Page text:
KENRO IZU: FUZHOU - THE SACRED LAND

November 6, 2018

KENRO IZU: FUZHOU - THE SACRED LAND

 

For more than four decades, New York-based Japanese photographer Kenro Izu has travelled the world photographing sacred and spiritual places. His journey began in Egypt and Syria in the 1970s, before turning eastwards to Cambodia, Bhutan, India and China.

 

Introduced to the city by his friend Han Feng, Izu arrived in Fuzhou, Jiangxi province, in 2017: more specifically, the site where the ancient camphor trees and historical houses that now form part of Shanghai’s Amanyangyun were rescued from, under threat from a reservoir project.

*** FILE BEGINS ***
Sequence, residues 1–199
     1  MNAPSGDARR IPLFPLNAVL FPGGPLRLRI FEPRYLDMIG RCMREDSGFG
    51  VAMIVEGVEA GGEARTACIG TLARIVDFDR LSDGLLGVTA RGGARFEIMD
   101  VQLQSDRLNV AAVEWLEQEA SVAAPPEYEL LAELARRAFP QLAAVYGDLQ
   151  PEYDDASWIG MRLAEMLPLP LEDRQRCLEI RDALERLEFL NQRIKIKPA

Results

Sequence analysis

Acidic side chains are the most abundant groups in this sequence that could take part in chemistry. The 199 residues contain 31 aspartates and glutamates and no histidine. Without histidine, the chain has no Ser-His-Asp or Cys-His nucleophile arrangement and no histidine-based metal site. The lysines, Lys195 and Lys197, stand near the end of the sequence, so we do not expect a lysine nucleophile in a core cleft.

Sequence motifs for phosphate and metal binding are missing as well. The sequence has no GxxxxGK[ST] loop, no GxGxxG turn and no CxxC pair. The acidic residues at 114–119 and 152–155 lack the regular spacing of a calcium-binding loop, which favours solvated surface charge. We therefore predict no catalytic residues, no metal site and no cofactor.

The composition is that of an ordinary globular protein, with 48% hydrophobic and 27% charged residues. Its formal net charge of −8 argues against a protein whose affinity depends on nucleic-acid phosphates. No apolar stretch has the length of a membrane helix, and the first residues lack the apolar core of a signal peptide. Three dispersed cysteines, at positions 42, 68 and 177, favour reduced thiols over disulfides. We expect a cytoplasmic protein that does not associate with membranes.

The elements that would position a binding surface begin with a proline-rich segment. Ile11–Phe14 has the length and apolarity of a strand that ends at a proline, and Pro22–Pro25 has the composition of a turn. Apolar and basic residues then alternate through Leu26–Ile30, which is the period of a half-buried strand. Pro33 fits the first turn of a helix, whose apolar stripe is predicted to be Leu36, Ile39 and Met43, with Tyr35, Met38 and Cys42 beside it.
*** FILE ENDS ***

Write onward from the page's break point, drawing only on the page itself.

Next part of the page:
To Kenro Izu: “The places I photographed in Fuzhou are like anywhere else on Earth. They became ruins, were abandoned. When a dam is built, only traces of people and places remain – the roof of a school, an advertising sign hanging on a pole. They are traces of human existence; they are today’s monuments. They guide my interest towards the people, to look for the human scent amidst forgotten villages and dilapidated houses. They point me to monuments of humankind. And I name them: ‘The Sacred Land’.”

 

井津建郎:抚州——神圣之地

 

过去四十年,旅居纽约的日本摄影师井津建郎周游列国,拍摄神圣与灵性之境。七十年代开始,他从埃及与叙利亚起步,逐渐向东,直至柬埔寨、不丹、印度、中国等地。

 

在友人韩枫的介绍下,井津建郎于2017年来到江西抚州,一个因兴建水坝而被淹没的村落。如今上海养云安缦的部分古树与古建筑素材,正是从该村落转移而来。

 

井津建郎言道:“我在抚州拍摄的地方,也许与地球其他角落区别不大。一切被渐渐遗忘,成为废墟。水坝建成后,只剩下淡淡人迹,比如学校的屋顶,或电线杆上的广告牌。而这恰恰是人类存在的印记,是现今的遗迹。这些痕迹把我导向至今仍在这些地区的人们,去聆听那些被忘记的村庄、已倒塌的房子中的人的余音。它们引领我去寻找人类的纪念碑,而我称之为‘神圣之地’。”

 

 

 

 

 

 

 

 

 

 

 

 

 

 

 

 

 

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